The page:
Saturday, December 26, 2009

Nature's Ornaments!

Pileated Woodpecker... Salamonie. I LOVE this picture! To see one of these amazing birds is one thing, to get a good picture is another - especially with my camera.

We wait all year for the most colorful event of the season - Christmas. We wake up the next day when things are seemingly back to normal willing to wait another year for a repeat event. Not me, not this year. Christmas lasts longer. Not just the 25th. The below pictures represent nature's natural ornaments that we are blessed to enjoy anytime we wish as long as we take care of them! Why wait until Christmas to enjoy our gifts?

Northern Cardinal... Salamonie... Wow! Who could not love this bird?

This past Saturday, I was able to spend some time birding with my best friend John and his wife Megan at the Salamonie Reservoir and State Forest for what turned out to be a terrific morning of birding. Species count was minimal but we did have some good birds - bright birds, including: Pileated Woodpecker, Red-headed Woodpecker, Red-bellied Woodpecker, Downy Woodpecker, Blue Jay, Eastern Bluebird, and Northern Cardinal. Some other highlights included: Bald Eagle and Wild Turkey.

Blue Jay... Salamonie. I have wanted a nice Blue Jay pic for a while now and I would now say that I got one. Can you believe that this was taken through a window? As much as I love all birds, I am becoming very partial to Jays. I love their personality and how they demand attention!

Northern Cardinal... Salamonie. With a drab background, even a female Cardinal shines like a star! Very nice!

On top of spending some time with John and Megan I was also able to spend some time visiting with my very good friend Marvin McNew, Head Interpreter for the Upper Wabash Reservoirs. I worked for Marvin several years ago and loved every minute of my employment. There are very few genuinely nice people in this world and he is definitely one of the rarities! A great guy!

Winter Waterfall... Salamonie State Forest. Just another reason to appreciate God's touch! All you really have to do to appreciate the natural world is to open your eyes!

Tree Sparrow... Salamonie. Perching proud!

Wild Turkey... Salamonie. I can remember about 13 years ago when seeing this bird was very rare in the area. Now, fortunately, they are everywhere.

American Goldfinch... Salamonie. Even in the winter when these birds lose most of their yellow, they are still very striking, especially on a cloudy day.

Saturday was a great day. Good friends, beautiful birds, and fantastic scenery! I love birding!

Monday, December 21, 2009

Don't Forget the Reason's for the Season!

Eastern Bluebird... Marion, IN
It is so hard to believe that we are only a few days away from Christmas. I remember when I was a kid, Christmas could not get here fast enough. The days moved so slow, especially after Thanksgiving. Each day was more boring than the next just waiting for the day of opening presents to arrive. It always did. We opened our presents and were generally dissatisfied with the overall outcome. Hundreds of days of waiting for only a few minutes of material pleasure. Never any real fulfillment.
Fox Squirrel... Marion, IN
So, with these thoughts in mind, I set out to do a little birding in a local park near my parents house this past weekend in my hometown of Marion, IN. Matter Park. Overall, its a nice park. Small. The Mississinewa River runs alongside the park and there's a good number of mature trees throughout with some new landscaping. Much of which is very good for birds.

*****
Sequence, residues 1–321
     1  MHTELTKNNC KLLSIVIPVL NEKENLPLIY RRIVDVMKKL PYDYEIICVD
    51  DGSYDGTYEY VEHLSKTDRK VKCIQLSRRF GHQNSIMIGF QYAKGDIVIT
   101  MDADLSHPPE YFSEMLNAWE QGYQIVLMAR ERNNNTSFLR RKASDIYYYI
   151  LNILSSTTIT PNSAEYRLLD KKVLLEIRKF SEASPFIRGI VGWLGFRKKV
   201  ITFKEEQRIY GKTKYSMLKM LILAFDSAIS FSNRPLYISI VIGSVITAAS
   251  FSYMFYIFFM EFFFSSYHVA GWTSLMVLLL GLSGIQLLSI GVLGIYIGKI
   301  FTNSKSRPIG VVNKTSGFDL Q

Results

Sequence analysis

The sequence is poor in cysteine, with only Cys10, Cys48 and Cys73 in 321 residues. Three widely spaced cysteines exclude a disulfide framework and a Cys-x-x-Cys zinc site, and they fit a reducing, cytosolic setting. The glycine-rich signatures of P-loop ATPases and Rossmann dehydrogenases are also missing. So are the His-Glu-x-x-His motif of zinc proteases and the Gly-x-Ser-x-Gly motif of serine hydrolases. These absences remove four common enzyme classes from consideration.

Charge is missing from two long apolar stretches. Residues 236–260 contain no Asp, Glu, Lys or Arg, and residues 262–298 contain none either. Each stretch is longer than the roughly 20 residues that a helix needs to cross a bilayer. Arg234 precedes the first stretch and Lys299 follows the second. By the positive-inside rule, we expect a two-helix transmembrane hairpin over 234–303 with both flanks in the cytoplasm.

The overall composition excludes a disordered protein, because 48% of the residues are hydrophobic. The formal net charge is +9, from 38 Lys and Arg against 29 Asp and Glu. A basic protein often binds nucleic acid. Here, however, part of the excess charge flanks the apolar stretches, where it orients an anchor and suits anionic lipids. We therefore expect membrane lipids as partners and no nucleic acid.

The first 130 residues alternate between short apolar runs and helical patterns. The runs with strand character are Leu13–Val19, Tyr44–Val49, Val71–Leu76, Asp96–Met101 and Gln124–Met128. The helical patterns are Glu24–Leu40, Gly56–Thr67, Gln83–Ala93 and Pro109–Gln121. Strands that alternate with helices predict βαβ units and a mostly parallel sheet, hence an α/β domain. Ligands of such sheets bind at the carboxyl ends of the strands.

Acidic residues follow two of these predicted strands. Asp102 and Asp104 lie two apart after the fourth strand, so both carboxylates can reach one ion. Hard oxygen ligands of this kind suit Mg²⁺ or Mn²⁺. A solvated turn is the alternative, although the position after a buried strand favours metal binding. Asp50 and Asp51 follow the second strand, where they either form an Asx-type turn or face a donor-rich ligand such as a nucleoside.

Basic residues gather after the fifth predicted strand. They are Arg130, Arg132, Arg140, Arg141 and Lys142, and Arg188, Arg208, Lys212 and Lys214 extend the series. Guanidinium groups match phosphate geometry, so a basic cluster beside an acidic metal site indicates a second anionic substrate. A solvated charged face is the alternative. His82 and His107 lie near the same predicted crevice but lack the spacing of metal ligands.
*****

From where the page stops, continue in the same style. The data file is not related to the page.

Northern Cardinal... Marion, IN

It was a bit chilly outside and the ground was covered with about two inches of fresh snow. It was quite and calm. The very first sound I heard when I got out of the van was that of the White-breasted Nuthatch. A sound that makes a winter walk official.

Red-tailed Hawk... Marion, IN

As I walked through the park and started seeing so many of the common birds that we all love such as the Carolina Chickadee, Northern Cardinal, and Downy Woodpecker I began to think about how blessed we are to have these birds in our life and how much joy they have personally brought to me over the years. Each bird that I have ever had the privilege to see has always instantly erased any negative tension that I was holding onto at the time. Birds are a natural remedy from anything materialistic and negative. They provide endless enjoyment, give instant gratification, and cost absolutely nothing. Not a dime. These were gifts that were given to us as flying decorations for the Earth that we live on.

Eastern Bluebird... Marion, IN
So as I continued to wonder about the blessings that surrounded me, I thought about all the hustle and bustle that was going on outside of the park. The craziness that so many of us (me too) live for in order to prove our appreciation for somebody else by buying them something that they probably don't really need. Have I, have we forgotten what the season is supposed to be about? We buy, buy, buy for our family and friends to say thanks for being a part of our lives but are we forgetting about the things that are there for us no matter what?
Cedar Waxwing... Marion, IN
Christmas time is the time of year that we are to give thanks not only to our family and friends but to everything around us that is precious. For me, I think of the birds and what I can do to pay them back for all they have done for me. Birds fight the odds each and every day of their lives. The heat in the summer, the cold in the winter, and the predators under the bushes. It can't be easy being a bird!
So what can you do for the birds this Christmas? How about...
Joining a conservation group that protects birds...
Nature Conservancy (http://www.nature.org/)
National Audubon Society (http://www.audubon.org/)
Put out some Suet and/ or Peanuts
Warm your birdbath
Buy a bird feeder for a friend
Buy a child a field guide and a pair of binoculars...
The list goes on and on....
Cedar Waxwing... Marion, IN
So what are you going to give back to the natural world this Christmas? What are you willing to do to say thanks for everything that you have enjoyed this year? What can you do to alleviate a little stress from a struggling bird this winter? Something? Anything?